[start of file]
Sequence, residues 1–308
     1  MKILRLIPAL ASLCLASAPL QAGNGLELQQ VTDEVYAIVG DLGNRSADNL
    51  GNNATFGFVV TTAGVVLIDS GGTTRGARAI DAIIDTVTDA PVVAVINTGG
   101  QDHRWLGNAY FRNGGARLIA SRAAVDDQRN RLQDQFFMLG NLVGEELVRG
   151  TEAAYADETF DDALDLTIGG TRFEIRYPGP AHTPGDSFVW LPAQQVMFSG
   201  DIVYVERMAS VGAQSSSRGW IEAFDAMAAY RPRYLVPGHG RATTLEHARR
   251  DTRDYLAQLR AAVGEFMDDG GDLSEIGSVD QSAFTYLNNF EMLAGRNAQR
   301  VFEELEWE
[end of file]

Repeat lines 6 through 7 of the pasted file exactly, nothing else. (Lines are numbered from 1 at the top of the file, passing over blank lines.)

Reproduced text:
   201  DIVYVERMAS VGAQSSSRGW IEAFDAMAAY RPRYLVPGHG RATTLEHARR
   251  DTRDYLAQLR AAVGEFMDDG GDLSEIGSVD QSAFTYLNNF EMLAGRNAQR